A detailed understanding of the different fueling modes and how they are calculated is necessary to tune them effectively. If you do not understand all of the fueling calculations, tuning EE is very error prone.
Speed density operation takes effect when the MAF sensor is disconnected or faulty. It can also be used as a primary metering method, which has several advantages, including improved throttle response and simpler intake plumbing.
During speed density operation, the MAP pressure of the incoming air (density), and engine RPM (speed) are referenced against the VE (Volumetric Efficiency) table to estimate airflow.
This system is incredibly accurate, assuming the VE table is an accurate representation of the efficiency of the engine. If the engine is modified, the VE table must also be modified for speed density mode to function correctly.
In MAF (mass air flow) mode, a sensor in the intake tract using a series of heated wires attempts to directly measure airflow.
The sensor emits a signal which is compared to a table containing calibrations for the sensor to determine airflow grams per second (AFGS).
Although the calibration is not as sensitive to changes in engine design as speed density’s VE table, it is still slightly sensitive to changes to the intake tract design, as well as the regularity of the incoming air, which can be affected by camshafts with higher than normal overlap, causing a back-and-forth motion of air across the sensor wires.
Open Loop Operation
This simple control mode takes effect when the car is too cold for the oxygen sensors to work, if they are providing an unreliable signal, or if the engine is operating in a range where the oxygen sensors cannot be trusted.
An open loop control system makes calculations and actuates the controls without having any knowldge of how accurate its calculations will be.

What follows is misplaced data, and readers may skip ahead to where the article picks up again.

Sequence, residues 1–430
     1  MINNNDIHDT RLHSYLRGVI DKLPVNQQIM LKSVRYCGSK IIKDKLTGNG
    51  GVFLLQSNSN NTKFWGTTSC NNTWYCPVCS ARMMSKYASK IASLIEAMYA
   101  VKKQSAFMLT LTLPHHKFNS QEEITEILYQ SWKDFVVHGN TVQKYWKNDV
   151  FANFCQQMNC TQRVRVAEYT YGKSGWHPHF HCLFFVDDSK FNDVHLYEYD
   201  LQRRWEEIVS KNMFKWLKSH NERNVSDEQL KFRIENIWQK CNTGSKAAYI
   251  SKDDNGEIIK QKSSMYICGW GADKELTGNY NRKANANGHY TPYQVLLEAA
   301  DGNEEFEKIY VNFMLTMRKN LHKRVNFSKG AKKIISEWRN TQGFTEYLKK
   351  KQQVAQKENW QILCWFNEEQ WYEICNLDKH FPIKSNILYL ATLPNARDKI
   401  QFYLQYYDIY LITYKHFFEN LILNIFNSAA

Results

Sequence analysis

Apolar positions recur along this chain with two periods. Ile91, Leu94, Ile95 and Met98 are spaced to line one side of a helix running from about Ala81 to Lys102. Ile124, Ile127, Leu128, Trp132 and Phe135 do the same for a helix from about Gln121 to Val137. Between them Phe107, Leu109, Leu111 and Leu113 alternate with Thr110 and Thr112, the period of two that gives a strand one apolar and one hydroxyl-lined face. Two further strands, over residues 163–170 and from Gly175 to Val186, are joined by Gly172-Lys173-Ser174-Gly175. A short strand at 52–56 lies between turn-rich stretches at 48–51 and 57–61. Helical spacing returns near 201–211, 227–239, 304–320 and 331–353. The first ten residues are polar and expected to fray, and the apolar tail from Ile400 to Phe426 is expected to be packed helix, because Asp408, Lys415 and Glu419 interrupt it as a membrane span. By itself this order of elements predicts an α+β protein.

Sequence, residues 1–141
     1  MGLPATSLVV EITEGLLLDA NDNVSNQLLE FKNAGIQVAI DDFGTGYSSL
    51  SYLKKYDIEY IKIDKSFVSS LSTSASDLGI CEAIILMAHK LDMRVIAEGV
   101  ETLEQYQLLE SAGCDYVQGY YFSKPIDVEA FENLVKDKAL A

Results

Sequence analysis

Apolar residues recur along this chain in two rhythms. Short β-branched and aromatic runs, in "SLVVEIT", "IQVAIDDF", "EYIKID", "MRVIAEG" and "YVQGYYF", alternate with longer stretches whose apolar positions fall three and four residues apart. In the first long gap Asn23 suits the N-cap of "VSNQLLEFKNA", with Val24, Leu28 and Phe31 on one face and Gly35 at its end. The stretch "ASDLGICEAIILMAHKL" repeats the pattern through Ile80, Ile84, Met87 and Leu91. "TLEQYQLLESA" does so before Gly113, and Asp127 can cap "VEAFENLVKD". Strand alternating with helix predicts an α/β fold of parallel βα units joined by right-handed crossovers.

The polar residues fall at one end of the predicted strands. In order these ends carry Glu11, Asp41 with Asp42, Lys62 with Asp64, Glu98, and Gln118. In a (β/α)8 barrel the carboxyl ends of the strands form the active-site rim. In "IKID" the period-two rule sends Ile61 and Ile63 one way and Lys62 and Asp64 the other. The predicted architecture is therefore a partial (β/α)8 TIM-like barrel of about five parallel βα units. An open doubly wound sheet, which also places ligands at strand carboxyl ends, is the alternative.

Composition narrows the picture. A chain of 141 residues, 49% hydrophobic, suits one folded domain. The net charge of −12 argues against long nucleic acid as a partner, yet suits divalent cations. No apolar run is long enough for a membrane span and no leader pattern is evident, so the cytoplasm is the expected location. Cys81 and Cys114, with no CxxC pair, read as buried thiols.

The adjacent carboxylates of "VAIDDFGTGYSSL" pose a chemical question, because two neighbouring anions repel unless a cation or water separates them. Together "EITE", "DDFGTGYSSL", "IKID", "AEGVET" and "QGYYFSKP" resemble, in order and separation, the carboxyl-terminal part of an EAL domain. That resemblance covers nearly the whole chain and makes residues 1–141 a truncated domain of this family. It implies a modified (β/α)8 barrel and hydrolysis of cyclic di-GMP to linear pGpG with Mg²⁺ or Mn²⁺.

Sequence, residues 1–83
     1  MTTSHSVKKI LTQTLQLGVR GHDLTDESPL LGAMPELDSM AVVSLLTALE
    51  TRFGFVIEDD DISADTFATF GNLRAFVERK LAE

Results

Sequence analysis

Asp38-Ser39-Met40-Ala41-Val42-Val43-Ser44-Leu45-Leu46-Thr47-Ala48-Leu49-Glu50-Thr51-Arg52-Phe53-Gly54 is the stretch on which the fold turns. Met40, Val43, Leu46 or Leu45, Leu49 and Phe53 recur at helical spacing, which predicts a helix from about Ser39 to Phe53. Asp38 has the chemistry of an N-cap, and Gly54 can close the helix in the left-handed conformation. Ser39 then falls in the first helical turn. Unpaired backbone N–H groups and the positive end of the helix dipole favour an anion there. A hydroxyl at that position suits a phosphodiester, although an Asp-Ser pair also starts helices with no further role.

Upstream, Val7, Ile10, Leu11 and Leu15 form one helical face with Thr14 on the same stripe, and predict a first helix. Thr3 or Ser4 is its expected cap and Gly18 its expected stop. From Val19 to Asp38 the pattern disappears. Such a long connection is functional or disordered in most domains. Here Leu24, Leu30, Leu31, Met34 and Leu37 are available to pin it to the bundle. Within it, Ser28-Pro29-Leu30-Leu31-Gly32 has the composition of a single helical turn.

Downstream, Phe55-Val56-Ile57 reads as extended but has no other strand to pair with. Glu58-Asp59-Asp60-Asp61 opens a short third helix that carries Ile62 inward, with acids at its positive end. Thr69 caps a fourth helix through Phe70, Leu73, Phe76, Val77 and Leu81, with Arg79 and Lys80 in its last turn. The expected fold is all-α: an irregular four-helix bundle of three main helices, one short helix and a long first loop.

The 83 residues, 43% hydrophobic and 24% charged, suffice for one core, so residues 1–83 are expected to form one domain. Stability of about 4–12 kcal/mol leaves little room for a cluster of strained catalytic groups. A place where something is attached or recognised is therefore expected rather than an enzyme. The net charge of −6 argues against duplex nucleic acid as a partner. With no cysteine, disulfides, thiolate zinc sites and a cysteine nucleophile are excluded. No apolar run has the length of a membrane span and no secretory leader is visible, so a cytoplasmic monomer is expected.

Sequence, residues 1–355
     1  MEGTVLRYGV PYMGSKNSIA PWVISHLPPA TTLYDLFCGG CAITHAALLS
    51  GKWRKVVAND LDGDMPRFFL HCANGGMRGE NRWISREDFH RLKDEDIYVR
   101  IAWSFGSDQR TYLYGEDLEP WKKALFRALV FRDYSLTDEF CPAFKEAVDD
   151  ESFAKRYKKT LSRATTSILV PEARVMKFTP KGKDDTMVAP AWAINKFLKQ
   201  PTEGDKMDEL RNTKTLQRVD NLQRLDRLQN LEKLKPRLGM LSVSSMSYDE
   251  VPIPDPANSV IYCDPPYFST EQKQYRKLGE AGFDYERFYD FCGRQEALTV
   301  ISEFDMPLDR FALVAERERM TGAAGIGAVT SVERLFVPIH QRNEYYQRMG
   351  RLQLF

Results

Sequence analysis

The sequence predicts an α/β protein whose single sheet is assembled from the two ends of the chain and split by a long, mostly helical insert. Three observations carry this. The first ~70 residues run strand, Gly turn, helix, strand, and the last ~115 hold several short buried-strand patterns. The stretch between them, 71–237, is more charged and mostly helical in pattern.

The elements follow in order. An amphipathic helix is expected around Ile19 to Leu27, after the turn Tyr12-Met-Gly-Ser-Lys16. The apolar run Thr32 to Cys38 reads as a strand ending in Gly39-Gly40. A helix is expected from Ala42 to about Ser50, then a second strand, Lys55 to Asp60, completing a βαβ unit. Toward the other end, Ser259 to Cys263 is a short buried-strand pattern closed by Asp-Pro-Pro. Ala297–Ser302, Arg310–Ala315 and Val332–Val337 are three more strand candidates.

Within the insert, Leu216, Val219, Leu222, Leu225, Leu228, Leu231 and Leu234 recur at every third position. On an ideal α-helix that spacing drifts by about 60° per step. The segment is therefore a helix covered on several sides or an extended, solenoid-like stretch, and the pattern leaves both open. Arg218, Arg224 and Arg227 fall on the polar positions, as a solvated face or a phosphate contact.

In open loop control mode, EE will use the selected MAF or Speed Density mode for the airflow calculation. It will then calculate the amount of fuel required by the Open Loop AFR Target table, as well as the individual cylinder trims, and fire the injectors.
Closed Loop Operation
In closed loop operation, feedback from the narrow band oxygen sensors is used in an attempt to adjust the air/fuel ratio to 14.7:1, which theoretically provides optimal fuel economy and emissions.
Various conditions must be met before closed loop takes effect, including a time after startup, o2 readyness calculations, and coolant temperature.
Closed loop operation with narrowband sensors limits target air fuel ratios, as they can only provide accurate calculations in a very narrow band around 14.7:1, although some adjustment is possible through alterations in the intended voltage target.
After intial airflow calculation is made using the chosen MAF or Speed Density mode, fuel is calculated at a best-guess to hit a 14.7:1 ratio, then ‘trimmed’ using a variety of methods.
EE uses a three part system to make these adjustments as reliable and as fast as possible:
CORRCL mode works almost independantly of the rest of the closed loop system. It attempts to make small instanenous corrections to the AFR, a ‘fast fine adjustment’.
A ‘voltage error’ as the o2 sensor swings back and forth is filtered, scaled, and turned into a small adjustment, which attempts to make the AFR climb and rise a very small amount near the o2 swing voltage.
For example, an o2 voltage of 300mv indicates a slightly lean air/fuel ratio, so CORRCL might increase fuel ever so slightly. If tuned well, this increase may land around 550mv, at which point the mixture is leaned out even more slightly, landing around 450mv, and so forth, until it gets closer and closer to 500mv.
Although maintaining constant 500mv is nearly impossible, the idea is to make the adjustments smaller and smaller until it makes a very small wave of adjustments near the target.